The government continues to push out guidance under the new health care law, also known as the Patient Protection and Affordable Care Act (PPACA). Several major provisions of the law take effect January 1, 2014, including the employer mandate, the individual mandate, the premium assistance tax credit, and the operation of health insurance exchanges.
FF&F News & Events
Under the Patient Protection and Affordable Care Act (PPACA), small employers can claim a credit for providing health insurance for employees and their families. Health insurance includes not only basic medical and hospital care, but dental or vision, long-term care, and coverage for specific diseases or illness.
President Obama recently said that he wants a tax reform/deficit reduction package by August and lawmakers have many proposals to consider. The President has introduced a $3.77 billion budget for fiscal year (FY) 2014 with a host of tax reform proposals, the House and Senate Budget Committees have approved competing deficit reduction and tax reform blueprints, other committees are exploring ideas for tax reform, and private groups, most notably authors of the Simpson-Bowles Plan, are also making proposals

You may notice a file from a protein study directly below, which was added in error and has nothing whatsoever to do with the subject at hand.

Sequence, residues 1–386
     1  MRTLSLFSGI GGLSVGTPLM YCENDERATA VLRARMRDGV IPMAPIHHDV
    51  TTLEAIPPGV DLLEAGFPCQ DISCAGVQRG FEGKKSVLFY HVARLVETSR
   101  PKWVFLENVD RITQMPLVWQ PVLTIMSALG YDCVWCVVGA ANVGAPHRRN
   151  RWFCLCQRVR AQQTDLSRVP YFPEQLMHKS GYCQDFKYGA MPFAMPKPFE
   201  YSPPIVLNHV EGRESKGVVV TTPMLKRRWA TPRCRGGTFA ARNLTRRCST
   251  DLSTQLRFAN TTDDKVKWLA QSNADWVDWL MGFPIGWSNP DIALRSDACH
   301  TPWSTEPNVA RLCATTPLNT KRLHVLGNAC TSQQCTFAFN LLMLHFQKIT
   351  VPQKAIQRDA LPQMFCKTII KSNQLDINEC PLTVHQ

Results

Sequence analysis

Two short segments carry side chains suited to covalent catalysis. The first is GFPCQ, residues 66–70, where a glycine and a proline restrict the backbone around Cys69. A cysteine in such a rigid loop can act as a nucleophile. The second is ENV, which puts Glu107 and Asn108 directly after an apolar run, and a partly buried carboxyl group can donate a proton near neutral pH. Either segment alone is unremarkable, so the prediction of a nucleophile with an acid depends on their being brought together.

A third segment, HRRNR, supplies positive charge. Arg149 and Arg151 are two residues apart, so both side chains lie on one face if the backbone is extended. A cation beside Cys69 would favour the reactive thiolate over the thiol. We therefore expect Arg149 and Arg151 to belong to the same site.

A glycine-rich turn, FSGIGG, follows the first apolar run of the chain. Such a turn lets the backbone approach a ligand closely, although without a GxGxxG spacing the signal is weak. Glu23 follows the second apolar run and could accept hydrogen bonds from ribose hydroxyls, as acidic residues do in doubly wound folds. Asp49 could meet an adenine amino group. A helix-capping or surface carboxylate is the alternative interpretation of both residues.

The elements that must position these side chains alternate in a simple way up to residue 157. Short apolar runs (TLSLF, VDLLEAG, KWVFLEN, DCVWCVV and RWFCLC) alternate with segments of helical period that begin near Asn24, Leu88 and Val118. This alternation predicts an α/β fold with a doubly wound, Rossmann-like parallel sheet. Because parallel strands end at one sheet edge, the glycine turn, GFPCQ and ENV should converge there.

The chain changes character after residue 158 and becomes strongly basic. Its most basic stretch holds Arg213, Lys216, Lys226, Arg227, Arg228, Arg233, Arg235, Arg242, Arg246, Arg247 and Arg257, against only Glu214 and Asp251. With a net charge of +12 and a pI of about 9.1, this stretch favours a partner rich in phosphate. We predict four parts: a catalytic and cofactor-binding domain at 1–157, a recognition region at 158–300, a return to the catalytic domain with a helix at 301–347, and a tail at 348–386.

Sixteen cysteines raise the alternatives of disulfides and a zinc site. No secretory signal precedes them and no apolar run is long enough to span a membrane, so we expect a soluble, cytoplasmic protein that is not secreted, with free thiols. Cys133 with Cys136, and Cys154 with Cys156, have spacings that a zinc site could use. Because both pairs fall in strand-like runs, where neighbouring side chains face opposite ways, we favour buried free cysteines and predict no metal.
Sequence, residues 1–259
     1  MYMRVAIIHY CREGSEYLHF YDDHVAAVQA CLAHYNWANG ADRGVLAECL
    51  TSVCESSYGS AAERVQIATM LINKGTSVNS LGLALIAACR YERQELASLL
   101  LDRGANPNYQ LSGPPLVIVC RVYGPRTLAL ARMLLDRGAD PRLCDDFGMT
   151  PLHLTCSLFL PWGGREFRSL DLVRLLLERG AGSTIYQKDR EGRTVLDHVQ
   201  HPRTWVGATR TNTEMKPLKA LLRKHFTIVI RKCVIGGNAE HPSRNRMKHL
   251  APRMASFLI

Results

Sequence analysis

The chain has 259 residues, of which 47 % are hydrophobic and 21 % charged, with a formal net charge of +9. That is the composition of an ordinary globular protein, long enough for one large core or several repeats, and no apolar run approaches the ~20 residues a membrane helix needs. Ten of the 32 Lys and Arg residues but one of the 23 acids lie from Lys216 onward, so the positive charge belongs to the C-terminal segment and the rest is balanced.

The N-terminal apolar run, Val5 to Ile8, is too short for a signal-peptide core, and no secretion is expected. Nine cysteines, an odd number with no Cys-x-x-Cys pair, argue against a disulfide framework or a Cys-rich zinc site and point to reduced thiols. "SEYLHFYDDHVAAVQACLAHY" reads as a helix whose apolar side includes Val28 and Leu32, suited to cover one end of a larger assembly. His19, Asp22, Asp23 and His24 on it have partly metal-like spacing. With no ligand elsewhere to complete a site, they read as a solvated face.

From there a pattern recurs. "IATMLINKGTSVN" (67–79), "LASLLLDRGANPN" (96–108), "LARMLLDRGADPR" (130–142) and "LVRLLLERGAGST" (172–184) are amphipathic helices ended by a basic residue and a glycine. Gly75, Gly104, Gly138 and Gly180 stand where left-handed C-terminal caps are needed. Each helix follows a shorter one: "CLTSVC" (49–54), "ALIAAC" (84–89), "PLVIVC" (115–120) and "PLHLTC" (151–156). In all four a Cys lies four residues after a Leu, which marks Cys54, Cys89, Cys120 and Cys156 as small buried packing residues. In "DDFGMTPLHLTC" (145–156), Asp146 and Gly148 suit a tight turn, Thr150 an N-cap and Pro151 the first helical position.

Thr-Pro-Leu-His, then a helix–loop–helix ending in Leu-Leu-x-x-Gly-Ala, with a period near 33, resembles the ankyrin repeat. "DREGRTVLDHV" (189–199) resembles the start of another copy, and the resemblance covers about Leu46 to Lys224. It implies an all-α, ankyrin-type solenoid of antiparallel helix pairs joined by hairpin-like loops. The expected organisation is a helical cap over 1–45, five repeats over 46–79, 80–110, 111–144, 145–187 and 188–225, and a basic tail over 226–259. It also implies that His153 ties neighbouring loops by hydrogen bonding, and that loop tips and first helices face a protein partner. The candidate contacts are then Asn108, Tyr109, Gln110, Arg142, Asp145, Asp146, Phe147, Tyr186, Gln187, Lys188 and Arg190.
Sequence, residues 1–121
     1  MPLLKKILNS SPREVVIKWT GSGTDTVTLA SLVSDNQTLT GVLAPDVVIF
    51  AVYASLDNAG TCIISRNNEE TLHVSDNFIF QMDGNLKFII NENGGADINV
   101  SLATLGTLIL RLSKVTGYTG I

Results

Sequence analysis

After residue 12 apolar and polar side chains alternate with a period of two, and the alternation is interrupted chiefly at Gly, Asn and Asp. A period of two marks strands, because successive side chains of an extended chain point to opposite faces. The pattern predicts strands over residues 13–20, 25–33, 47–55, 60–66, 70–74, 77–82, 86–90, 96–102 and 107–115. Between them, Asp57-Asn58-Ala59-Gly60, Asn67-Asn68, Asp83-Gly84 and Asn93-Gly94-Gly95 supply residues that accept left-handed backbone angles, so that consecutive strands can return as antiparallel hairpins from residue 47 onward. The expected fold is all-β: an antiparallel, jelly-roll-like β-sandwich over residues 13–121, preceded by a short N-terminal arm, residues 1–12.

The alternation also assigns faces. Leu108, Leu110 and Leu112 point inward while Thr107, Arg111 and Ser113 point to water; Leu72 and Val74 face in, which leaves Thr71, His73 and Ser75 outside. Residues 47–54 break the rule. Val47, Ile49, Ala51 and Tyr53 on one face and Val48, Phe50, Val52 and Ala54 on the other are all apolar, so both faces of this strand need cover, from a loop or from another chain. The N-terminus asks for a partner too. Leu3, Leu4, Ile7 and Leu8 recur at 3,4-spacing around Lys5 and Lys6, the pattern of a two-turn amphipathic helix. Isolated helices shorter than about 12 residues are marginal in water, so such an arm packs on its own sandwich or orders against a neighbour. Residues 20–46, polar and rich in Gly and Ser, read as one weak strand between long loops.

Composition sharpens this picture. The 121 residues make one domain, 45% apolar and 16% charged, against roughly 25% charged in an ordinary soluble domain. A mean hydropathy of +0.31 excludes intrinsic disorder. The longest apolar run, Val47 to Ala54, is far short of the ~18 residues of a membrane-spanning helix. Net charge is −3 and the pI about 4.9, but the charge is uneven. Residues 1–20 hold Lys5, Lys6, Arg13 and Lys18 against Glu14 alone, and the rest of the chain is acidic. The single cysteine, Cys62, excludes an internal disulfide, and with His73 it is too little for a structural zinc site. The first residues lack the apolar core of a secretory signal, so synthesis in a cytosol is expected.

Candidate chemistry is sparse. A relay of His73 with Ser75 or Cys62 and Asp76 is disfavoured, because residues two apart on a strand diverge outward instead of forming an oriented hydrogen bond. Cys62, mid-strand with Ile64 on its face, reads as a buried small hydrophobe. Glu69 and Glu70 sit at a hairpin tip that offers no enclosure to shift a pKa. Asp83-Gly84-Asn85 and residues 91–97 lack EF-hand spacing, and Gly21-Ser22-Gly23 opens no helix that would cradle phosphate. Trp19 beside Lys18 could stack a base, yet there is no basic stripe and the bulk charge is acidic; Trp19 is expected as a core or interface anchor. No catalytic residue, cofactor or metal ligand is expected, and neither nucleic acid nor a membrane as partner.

Updated Form 941, Employer’s Quarterly Federal Tax Return, highlights new additional Medicare tax/sunset of payroll tax holiday
The IRS recently announced the availability of updated Form 941, Employer’s Quarterly Federal Tax Return for 2013, and its instructions. Revised Form 941 and its instructions reflect the January 1, 2013 effective date of the 0.9 percent Additional Medicare Tax, expiration of the payroll tax holiday and other changes.
Under the new health care law, starting in 2014, “large” employers with more than 50 full-time employees will be subject to stiff monetary penalties if they do not provide affordable and minimum essential health coverage. With less than eleven months before this “play or pay” provision is fully effective, the IRS continues to release critical details on what constitutes an “applicable large employer,” “full-time employee,” “affordable coverage,” and “minimum health coverage.”